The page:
The last week in April has been designated Mathematics Awareness Week by the august authorities who declare such things.
And prescriptions for the betterment of U.S. math education have been offered by everyone from Secretary of Education Lamar Alexander down to Mr. Logarithm at PS 101.Although their recommendations - combined with some elements of President Bush's new education plan and significant increases in federal expenditures - could indeed raise math awareness, I think exploding some crippling and widely held misconceptions about math would be almost as therapeutic.
- MATH IS COMPUTATION. Mathematics has as much to do with computation as writing has to do with typing.
Imagine that throughout the course of one's education all one ever did in English class was diagram sentences. It wouldn't be surprising if one didn't acquire a terribly keen appreciation of literature.
Most students (and most adults) can't interpret graphs, don't understand statistical notions, are unable to model situations mathematically, seldom estimate or compare magnitudes, are immune to mathematical beauty and, most distressing of all in a democracy, hardly ever develop a critical, skeptical attitude toward numerical, spatial and quantitative data or conclusions.
- MATH IS A RIGIDLY HIERARCHICAL SUBJECT. A common belief is that first comes arithmetic, then algebra, then calculus, differential equations, etc.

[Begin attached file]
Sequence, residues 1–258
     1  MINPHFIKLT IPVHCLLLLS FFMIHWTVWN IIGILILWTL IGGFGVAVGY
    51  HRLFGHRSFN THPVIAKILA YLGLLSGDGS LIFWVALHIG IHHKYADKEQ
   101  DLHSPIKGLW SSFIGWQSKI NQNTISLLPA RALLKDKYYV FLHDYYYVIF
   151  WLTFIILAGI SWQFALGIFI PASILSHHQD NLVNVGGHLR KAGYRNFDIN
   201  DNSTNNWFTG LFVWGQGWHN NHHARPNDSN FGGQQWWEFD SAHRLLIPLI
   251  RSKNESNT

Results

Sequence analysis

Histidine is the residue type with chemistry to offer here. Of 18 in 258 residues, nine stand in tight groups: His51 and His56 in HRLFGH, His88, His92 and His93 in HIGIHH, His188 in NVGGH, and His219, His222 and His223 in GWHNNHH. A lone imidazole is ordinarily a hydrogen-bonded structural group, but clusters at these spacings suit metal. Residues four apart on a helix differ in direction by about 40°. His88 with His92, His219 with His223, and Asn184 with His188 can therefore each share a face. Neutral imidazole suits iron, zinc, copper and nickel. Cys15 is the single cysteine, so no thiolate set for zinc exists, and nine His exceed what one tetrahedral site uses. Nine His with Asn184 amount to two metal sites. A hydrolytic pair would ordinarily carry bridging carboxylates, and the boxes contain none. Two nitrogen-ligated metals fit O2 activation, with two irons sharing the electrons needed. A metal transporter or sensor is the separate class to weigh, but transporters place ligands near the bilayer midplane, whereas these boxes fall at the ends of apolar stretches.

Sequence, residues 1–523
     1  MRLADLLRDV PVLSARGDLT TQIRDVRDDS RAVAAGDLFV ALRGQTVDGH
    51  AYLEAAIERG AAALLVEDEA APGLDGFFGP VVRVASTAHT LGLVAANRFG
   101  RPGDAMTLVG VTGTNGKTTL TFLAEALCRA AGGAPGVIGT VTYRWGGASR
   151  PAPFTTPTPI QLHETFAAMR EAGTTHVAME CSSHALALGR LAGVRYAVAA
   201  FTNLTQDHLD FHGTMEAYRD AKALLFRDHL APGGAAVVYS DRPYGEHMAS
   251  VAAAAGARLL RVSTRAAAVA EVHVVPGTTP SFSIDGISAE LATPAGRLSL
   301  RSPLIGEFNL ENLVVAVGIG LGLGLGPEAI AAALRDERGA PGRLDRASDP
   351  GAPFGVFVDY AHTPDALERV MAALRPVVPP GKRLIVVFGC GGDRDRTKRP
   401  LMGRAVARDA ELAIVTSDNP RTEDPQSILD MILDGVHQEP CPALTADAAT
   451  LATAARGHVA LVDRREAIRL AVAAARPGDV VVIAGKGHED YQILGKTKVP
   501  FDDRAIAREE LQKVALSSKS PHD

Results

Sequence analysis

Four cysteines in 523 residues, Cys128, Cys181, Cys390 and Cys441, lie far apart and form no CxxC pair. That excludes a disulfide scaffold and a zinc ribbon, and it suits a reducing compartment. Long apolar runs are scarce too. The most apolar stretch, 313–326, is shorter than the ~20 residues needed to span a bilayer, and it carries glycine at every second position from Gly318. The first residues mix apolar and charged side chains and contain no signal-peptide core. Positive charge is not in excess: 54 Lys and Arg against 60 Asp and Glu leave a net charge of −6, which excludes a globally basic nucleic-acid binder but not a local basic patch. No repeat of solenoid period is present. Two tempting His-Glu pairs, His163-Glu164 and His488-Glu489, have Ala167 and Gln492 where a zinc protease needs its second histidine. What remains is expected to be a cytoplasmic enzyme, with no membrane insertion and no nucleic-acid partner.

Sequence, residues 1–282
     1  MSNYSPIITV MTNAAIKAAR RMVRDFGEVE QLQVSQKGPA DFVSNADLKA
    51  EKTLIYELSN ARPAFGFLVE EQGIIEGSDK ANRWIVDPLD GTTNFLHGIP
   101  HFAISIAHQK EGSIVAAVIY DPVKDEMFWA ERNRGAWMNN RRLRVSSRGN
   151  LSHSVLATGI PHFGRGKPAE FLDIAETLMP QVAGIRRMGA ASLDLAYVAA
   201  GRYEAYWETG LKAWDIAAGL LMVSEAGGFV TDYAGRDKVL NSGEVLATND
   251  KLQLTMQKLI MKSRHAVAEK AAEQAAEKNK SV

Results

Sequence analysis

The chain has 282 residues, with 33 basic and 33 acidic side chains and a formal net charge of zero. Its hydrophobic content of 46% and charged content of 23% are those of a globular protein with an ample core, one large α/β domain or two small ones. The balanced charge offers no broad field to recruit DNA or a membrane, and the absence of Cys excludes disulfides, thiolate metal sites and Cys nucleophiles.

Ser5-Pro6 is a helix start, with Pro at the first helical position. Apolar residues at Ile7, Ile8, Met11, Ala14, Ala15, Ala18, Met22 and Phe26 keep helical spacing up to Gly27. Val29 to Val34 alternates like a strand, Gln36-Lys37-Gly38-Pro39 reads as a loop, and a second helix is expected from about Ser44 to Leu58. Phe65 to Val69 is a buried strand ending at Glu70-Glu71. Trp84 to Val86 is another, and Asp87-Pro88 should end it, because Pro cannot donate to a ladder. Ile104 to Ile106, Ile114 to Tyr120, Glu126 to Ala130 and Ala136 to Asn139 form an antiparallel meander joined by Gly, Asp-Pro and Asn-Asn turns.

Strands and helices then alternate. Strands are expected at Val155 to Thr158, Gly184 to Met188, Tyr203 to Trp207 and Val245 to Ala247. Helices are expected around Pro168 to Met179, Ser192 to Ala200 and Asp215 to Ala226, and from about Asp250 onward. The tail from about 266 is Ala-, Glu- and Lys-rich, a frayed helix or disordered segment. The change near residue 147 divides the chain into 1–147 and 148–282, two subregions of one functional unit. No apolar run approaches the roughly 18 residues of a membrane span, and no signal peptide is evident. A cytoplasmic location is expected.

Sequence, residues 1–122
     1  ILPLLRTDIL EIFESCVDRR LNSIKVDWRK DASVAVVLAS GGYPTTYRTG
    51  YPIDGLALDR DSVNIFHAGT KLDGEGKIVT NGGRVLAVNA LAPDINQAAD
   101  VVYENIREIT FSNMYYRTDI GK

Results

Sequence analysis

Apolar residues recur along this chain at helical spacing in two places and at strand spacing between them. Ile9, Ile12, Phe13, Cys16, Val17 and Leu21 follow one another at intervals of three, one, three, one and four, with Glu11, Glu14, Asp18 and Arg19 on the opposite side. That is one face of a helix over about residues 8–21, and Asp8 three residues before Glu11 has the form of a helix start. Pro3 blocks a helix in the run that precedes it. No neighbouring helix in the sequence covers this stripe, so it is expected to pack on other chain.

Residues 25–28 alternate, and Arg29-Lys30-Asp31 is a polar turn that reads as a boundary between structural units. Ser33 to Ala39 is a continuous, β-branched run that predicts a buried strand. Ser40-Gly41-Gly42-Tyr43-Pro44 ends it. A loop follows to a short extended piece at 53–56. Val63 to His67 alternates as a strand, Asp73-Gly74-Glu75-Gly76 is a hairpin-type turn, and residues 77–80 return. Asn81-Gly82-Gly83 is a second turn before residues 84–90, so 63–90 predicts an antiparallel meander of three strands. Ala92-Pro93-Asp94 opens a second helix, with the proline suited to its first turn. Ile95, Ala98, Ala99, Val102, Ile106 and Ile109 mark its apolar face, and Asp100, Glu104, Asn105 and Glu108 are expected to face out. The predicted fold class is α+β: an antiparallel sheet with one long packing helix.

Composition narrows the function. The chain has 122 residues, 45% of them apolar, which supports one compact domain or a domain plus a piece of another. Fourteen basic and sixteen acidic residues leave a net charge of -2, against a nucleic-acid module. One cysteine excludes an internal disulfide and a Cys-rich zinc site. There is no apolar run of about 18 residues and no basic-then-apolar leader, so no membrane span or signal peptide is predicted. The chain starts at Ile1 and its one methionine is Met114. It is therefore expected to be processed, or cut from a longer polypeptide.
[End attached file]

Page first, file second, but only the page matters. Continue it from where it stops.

There is a cumulative aspect to parts of math, to be sure, but it is less important than many realize.
Often, when I explain sophisticated ideas in probability or calculus to people who might have difficulty adding two fractions, self-styled innumerates seem amazed at their new insights, much like the Moliere character who was surprised to discover he'd been speaking prose all his life.
- MATH AND NARRATIVE ARE DISPARATE ACTIVITIES. Storytelling is as effective an educational tool in math as it is in other domains. It puts the subject into context and illustrates its limitations.
For example, in teaching correlation, a traditional topic in statistics courses, I've given students data demonstrating conclusively that children with bigger feet spell better. (You may have noticed this yourselves.)
Should we therefore use foot stretchers to increase spelling scores?
No, because the correlation is not causal: Children with bigger feet spell better because they're older.
Note that there isn't any number crunching in this little story. And there are innumerable other vignettes from areas such as sports, lotteries, medical fraud and sex-discrimination cases that communicate mathematical ideas in a non-technical and topical manner.
If the connection between math and ordinary language and thought is established early, then the tables, formulas and algorithms that come later are justified: They're a shorthand means to get to solutions.
- MATH IS ONLY FOR THE FEW. "I'm a people person, not a numbers person."
Almost everybody can develop an understanding of numbers and probabilities, of relationships and logic, of graphs and rates of change and of the role these notions play in everyday life.
- MATH IS NUMBING. Finally, there is a romantic belief that a concern with numbers numbs one to the big questions, to the grandeur of waterfalls and sunsets.
Too many people cling to the usually unarticulated belief that one must choose between life and love on the one hand, and numbers and details on the other. Such sentiments are as prevalent as they are unfounded - and help bring about the dismal test scores we hear so much about.
(John Allen Paulos, professor of mathematics at Temple University, is the author of "Beyond Numeracy: Ruminations of a Numbers Man.")